DC’s New 52 brought many changes to the DC mythology. The post-Flashpoint era reinvented Wonder Woman’s world. No longer being created out of clay by Hippolyta, Diana, of Themyscira is now a demigod. This new origin set the tone for a mythical adventure between Olympus, Themyscira, Earth and everything in between. There’s traces of this new origin in last year’s Wonder Woman film. It’s a great jumping-on point for new readers.

Key stories: Blood (#1-6)

Brian Michael Bendis’ Ultimate Spider-Man (2000-2011)

Ultimate Spider-Man #1 (2000) art by Joe Quesada

Brian Bendis’ tenure at Marvel launched with authority with his teenage drama reinterpretation of the web-slinger. Peter Parker’s origin story got stretched out throughout the first arc. In fact, Uncle Ben doesn’t die until the 5th issue.

Ultimate Spider-Man reinvents Peter’s world in lots of ways, he’s making ends meet as a computer technician at the Daily Bugle, Gwen Stacy has an edge and the relationship with Mary Jane is different, the core of who Spider-Man is gloriously still intact. A must-read.

Key stories: Confessions (#13), Venom, Power and Responsibility

The rest of the best:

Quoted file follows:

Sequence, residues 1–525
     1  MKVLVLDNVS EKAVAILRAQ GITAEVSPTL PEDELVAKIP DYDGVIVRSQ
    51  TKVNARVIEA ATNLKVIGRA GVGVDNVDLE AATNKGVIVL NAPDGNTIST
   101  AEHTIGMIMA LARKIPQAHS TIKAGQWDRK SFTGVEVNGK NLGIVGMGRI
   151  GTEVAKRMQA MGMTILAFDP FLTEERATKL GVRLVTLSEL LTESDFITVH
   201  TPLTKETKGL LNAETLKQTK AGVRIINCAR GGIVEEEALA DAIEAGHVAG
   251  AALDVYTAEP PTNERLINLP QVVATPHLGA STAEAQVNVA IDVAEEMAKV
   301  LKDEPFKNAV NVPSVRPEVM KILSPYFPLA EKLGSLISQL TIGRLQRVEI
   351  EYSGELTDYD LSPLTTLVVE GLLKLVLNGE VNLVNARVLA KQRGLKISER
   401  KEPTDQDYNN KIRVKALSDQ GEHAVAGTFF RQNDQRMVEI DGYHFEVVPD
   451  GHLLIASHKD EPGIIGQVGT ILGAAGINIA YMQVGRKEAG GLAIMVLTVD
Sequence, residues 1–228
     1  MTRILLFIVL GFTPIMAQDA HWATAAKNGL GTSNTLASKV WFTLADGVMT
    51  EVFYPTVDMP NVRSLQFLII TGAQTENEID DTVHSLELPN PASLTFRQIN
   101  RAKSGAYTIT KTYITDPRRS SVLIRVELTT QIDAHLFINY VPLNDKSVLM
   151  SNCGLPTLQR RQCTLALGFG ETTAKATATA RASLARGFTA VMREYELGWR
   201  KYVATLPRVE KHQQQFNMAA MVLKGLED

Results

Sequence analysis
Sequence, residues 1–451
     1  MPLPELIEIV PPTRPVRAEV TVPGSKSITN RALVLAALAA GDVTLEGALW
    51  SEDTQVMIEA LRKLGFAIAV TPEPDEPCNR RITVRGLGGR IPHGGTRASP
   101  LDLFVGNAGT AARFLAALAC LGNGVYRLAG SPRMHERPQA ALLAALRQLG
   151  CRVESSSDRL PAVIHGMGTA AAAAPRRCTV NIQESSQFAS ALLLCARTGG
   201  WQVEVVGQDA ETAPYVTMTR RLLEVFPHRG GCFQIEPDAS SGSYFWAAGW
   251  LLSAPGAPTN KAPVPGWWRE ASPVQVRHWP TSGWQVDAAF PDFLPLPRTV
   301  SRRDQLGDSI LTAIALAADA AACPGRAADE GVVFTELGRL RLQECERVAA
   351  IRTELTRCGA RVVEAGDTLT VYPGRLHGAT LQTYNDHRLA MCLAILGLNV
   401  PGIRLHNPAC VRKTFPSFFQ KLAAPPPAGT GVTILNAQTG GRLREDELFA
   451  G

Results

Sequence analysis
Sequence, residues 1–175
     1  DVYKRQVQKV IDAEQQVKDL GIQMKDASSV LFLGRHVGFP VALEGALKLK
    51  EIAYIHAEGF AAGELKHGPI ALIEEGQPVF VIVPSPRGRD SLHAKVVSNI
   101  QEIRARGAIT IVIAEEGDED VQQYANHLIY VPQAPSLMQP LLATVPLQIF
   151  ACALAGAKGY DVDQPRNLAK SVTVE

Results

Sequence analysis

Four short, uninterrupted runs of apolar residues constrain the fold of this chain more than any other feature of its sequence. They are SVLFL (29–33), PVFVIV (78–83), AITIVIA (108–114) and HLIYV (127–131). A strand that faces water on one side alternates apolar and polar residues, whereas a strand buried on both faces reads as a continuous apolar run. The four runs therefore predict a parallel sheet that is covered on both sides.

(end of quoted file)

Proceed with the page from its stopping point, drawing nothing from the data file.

Daredevil by Mark Waid

New Avengers by Brian Michael Bendis

Runaways by Brian K Vaughn & Adrian Alphona

Moon Knight by Warren Ellis & Declan Shalvey

Ms. Marvel by G.Willow Wilson & Adrian Alphona

What are your favorite comic book runs? Comment below!

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Magan Yusuf

My fandom is multifaceted—I watch every Marvel live-action property (film and television alike) as well as DC's lineup. 'Daredevil' Season 1 made me take the leap into reading comics. I also have an affinity for strong, well-written female characters. I also love prestige series such as 'Game of Thrones', 'The Wire', 'Better Call Saul' and 'Atlanta'. When I'm not writing or watching Netflix, I'm a massive gamer and my PS4 is so worth two hours of my day.